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Re: If the two digit integers M and N are positive and have the [#permalink]

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New post 05 Jan 2006, 00:38
M = 10x + y
N = 10y + x

M + N = 11x + 11y = 11(x+y)

So sum must be a multiple of 11. A and B both can not be sum.

I think there is a typo in B. It may be 154.
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Re: If the two digit integers M and N are positive and have the [#permalink]

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New post 05 May 2015, 10:57
10x + y = M
10y + x = N

M+N = 11x + 11y so it must be divisible by 11, only 181 is not divisible by 11 hence it is the answer

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Re: If the two digit integers M and N are positive and have the [#permalink]

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New post 18 Aug 2015, 05:42
You can get 165 by using 9 and 6.

96+69=165.

It's better to use the equations as mentioned in the other comments. The question is perfectly fine. Answer should be A.

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Re: If the two digit integers M and N are positive and have the [#permalink]

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New post 18 Aug 2015, 05:48
ellisje22 wrote:
If the two digit integers M and N are positive and have the same digits, but in reverse order, which of the following cannot be the sum of M and N?

A) 181
B) 165
C) 121
D) 99
E) 44



The official answer is A...though I don't know how they came up with it.


let the number be 10x+y
the reverse of the number is 10y+x
now, M+N=11x+11Y=11(x+y)
the sum is divisible by 11
the only option is A which is not divisible by 11

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Re: If the two digit integers M and N are positive and have the [#permalink]

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New post 18 Aug 2015, 21:21
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Hi All,

This type of question can be solved with algebra or "brute force"; here's how you use "brute force" to figure out what's possible and what's not.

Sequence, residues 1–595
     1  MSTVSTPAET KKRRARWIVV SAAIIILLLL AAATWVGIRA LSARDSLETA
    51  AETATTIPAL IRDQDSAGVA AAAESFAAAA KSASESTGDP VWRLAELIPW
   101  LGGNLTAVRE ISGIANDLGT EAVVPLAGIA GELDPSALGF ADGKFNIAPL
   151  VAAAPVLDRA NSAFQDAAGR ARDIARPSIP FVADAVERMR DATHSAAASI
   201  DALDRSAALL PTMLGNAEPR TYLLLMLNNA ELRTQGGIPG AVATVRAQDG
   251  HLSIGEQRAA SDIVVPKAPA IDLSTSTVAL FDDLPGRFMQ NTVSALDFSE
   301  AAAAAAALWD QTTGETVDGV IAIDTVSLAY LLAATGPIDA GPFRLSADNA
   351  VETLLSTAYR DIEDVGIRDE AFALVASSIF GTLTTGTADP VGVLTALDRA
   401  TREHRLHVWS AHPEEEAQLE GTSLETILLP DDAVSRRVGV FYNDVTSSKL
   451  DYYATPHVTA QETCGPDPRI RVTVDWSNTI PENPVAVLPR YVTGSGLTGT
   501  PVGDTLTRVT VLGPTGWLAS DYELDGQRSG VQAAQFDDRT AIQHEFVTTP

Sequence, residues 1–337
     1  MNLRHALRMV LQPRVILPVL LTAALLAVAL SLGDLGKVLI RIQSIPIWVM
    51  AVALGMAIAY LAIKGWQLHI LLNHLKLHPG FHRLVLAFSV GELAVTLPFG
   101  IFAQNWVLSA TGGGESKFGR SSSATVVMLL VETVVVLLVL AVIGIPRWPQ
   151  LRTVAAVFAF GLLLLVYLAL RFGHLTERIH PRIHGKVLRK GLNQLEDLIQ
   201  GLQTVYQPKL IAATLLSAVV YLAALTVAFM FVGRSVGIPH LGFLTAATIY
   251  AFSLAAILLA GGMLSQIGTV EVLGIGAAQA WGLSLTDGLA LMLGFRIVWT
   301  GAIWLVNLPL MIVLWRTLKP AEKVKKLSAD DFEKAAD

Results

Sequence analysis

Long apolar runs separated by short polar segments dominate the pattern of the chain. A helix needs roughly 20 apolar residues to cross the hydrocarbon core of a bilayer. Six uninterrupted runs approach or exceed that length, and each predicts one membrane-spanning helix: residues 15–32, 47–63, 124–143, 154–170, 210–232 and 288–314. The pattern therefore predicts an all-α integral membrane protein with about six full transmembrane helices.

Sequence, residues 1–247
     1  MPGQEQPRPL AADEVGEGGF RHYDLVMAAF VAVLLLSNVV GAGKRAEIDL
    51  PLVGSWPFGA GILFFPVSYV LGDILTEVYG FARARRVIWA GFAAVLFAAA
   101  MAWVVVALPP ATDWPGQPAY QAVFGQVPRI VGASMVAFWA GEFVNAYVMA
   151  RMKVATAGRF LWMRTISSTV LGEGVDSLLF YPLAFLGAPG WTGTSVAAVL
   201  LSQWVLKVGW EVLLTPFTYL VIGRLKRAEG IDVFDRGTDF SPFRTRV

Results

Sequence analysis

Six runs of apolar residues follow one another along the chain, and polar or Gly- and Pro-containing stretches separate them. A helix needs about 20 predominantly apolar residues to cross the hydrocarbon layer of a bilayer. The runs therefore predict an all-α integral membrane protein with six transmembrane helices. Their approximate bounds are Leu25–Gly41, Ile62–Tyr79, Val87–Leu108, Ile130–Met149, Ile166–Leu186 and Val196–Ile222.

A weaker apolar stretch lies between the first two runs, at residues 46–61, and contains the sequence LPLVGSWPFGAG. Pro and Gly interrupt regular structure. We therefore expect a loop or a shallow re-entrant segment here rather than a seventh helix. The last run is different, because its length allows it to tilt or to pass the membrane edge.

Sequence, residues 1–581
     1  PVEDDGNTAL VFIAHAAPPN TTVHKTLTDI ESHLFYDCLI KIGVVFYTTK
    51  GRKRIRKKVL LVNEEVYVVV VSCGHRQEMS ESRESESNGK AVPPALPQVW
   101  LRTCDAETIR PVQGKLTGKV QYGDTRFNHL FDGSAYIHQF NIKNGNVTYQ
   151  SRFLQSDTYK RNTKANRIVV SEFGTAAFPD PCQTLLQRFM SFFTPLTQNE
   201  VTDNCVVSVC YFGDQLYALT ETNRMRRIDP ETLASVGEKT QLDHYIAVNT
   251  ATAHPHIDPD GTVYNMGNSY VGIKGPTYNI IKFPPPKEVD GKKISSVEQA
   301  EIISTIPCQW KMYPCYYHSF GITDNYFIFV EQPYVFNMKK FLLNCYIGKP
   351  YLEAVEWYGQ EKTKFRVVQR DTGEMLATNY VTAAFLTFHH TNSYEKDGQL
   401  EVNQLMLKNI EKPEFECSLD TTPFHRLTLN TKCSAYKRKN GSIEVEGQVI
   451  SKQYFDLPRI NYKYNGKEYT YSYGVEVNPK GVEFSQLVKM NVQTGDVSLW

We're told that M and N are each two-digit numbers with the two digits in reverse order (e.g. 23 and 32). We're asked which of the 5 answers CANNOT BE the sum of the M and N.

Let's see if we can sum to the given answers (starting with the easiest; keep in mind that there might be more than one way to "hit" each answer):

44? 13 + 31
99? 45 + 54
121? 56 + 65
165? 78 + 87

Since we can sum to each of those 4 answers, there's only one answer left...

Final Answer:
[Reveal] Spoiler:
A


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Re: If the two digit integers M and N are positive and have the [#permalink]

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ellisje22 wrote:
If the two digit integers M and N are positive and have the same digits, but in reverse order, which of the following cannot be the sum of M and N?

A) 181
B) 165
C) 121
D) 99
E) 44


Remember this as a formula/theorem. This helps me solve all the \(m & n\) \(2-digit\) \(reversed\) \(problems\)

If M is a 2 digit number and n is obtained by reversing the digits of m, then:

1. The sum is a multiple of 11
2. Difference is a multiple of 9


Back to the question. Since the question asks us about the sum, the ans would be the option that will not be divisible by 11

[Reveal] Spoiler:
Ans: A

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Re: If the two digit integers M and N are positive and have the [#permalink]

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Re: If the two digit integers M and N are positive and have the   [#permalink] 19 Dec 2017, 13:50